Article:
Hmm. Redundant, and more than a little grating. But also distinctly American. And if it's the severity of the situation you're trying to push, what better way than by implanting the fear that a plane is being flown by a typical graduate of this country's public-school system?

Or if you'd rather put your stock in old-world color, check out the disarming power of Cockney rhyming slang (

This is the bleedin' captain. Hairy biscuits and cheese sit daahhhn and remain seated. There is a Derry and Tom on board.

A "Derry and Tom"? Now, whatever in God's green Earth could that mean? Passengers like me would immediately plunk themselves down for an extended friendly debate, reveling in the same benign confusion we get from watching WMFE on a Saturday night without a pocket English-to-English dictionary handy.

Even the terrorists' shambolic original bulletin sounds better with some desktop tweaking. Here it is after a spin in The Jar-Jargonizer (, which recasts webpages according to the lexicon of Star Wars pariah Jar-Jar Binks:

Ladies an' gentlemen: Here the captain, please sit down keep remain'in seat'in. Wee-sa have boom-a on board.

Well, there you have it. If I don't know to stay far away from a flight cabin when I hear that voice coming out of it, I've either: a) spent the last decade living under a rock; or b) paid real money at some point for a detailed light-saber replica, in which case I'm not exactly the Samson you have to worry about breaking down a steel-reinforced door (with or without help).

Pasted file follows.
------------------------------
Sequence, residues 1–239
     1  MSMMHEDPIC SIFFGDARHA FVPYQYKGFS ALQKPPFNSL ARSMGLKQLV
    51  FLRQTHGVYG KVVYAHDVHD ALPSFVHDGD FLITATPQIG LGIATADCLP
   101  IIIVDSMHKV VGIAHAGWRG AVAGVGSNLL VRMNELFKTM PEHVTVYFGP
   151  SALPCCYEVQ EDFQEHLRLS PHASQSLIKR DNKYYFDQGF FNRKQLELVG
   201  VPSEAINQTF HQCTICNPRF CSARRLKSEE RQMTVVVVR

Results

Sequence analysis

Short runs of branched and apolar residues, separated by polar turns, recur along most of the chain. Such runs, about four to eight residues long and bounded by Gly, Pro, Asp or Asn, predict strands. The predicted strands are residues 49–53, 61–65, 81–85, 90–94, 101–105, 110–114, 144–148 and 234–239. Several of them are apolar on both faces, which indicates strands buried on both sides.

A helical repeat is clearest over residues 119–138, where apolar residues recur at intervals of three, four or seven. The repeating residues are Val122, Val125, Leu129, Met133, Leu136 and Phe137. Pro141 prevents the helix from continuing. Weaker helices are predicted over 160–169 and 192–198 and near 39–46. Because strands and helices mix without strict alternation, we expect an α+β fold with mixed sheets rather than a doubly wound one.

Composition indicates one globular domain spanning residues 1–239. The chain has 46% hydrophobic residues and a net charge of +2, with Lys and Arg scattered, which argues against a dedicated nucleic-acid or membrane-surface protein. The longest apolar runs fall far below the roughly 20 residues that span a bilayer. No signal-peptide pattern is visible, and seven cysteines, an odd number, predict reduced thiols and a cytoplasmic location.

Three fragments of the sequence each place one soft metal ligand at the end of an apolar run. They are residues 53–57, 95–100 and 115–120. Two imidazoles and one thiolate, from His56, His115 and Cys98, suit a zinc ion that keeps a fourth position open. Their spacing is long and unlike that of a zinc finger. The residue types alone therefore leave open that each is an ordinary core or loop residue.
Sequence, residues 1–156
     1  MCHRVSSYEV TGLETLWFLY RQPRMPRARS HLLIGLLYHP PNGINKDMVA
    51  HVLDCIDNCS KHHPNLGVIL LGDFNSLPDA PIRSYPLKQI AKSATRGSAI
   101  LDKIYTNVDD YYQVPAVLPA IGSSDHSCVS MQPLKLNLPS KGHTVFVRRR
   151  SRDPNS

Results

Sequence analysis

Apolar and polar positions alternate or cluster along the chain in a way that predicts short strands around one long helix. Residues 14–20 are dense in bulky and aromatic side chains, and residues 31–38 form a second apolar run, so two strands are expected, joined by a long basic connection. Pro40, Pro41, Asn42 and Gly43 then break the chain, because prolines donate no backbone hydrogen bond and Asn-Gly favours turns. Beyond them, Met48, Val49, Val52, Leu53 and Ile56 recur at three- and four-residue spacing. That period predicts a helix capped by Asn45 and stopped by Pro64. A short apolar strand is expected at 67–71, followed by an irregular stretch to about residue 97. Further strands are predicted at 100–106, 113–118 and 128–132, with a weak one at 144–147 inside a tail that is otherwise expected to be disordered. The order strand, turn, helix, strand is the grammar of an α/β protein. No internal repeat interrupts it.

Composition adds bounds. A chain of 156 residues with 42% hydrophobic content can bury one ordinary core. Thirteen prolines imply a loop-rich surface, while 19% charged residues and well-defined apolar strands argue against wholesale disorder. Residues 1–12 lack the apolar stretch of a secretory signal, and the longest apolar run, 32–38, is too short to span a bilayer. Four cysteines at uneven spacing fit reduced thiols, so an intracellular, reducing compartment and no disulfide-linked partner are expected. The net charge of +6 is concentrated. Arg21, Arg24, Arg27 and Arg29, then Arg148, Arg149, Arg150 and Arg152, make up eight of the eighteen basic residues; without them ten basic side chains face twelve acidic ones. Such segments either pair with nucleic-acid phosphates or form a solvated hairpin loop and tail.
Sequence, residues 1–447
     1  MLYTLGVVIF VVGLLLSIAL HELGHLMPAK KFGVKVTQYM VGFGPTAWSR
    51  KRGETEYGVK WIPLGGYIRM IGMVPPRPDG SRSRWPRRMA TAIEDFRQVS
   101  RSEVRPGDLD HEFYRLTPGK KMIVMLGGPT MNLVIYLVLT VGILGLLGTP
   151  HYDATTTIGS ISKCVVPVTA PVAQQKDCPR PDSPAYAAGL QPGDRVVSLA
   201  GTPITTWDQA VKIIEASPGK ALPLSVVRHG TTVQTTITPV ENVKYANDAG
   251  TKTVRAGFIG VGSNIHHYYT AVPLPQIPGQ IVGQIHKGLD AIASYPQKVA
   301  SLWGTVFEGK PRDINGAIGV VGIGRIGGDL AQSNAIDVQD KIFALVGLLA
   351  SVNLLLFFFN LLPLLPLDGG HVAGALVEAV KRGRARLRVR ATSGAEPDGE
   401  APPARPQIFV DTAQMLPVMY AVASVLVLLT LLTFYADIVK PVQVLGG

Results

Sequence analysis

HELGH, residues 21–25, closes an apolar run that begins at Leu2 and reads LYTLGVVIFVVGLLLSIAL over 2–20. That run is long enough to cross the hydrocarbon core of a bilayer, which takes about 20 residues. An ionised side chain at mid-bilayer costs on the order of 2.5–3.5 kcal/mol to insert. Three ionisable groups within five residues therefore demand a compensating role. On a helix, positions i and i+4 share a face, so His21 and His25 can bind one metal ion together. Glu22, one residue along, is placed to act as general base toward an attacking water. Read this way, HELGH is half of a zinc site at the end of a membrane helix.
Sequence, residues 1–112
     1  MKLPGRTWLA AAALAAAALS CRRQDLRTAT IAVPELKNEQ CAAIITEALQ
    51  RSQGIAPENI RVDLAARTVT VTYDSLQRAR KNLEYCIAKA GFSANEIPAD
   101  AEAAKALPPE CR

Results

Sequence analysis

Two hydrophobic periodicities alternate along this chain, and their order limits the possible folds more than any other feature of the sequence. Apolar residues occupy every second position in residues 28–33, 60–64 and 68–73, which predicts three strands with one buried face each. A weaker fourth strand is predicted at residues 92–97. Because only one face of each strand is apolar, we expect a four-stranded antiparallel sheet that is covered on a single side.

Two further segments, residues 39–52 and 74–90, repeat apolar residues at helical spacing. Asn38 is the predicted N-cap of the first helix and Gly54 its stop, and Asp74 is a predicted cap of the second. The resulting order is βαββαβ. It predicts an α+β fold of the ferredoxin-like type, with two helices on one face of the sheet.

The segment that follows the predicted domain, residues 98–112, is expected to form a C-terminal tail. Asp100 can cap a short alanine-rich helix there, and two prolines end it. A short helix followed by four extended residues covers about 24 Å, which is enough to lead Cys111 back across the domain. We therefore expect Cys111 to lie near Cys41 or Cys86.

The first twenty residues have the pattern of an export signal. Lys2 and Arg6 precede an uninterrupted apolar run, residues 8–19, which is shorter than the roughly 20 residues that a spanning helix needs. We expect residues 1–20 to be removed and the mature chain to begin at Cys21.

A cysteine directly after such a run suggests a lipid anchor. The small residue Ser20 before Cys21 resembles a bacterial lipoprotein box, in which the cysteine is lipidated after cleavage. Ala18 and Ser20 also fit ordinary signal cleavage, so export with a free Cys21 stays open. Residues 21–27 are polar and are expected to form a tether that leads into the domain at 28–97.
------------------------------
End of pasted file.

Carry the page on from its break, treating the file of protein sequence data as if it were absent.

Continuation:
No, there's no getting around it: Any comment would have been more appropriate than the one our tongue-tied terrorist chose to make. Call me a snob, but the Flight 93 transcript put me in lockstep with the Bush team's position that al-Qaida killers are the lowest creatures on Earth — even worse than bloggers who refuse to use spell-check. From here on in, I vow that I will neither cower, beg nor buckle before any terrorist who refuses to learn my language properly. Osama, you can take this warning to the bank: Speak English, or I refuse to die.

We welcome readers to submit letters regarding articles and content in Orlando Weekly. Letters should be a minimum of 150 words, refer to content that has appeared on Orlando Weekly, and must include the writer's full name, address, and phone number for verification purposes. No attachments will be considered. Writers of letters selected for publication will be notified via email. Letters may be edited and shortened for space.

Email us at

Support Local Journalism.
Join the Orlando Weekly Press Club

Local journalism is information. Information is power. And we believe everyone deserves access to accurate independent coverage of their community and state. Our readers helped us continue this coverage in 2020, and we are so grateful for the support.

Help us keep this coverage going in 2021. Whether it's a one-time acknowledgement of this article or an ongoing membership pledge, your support goes to local-based reporting from our small but mighty team.

Join the Orlando Weekly Press Club for as little as $5 a month.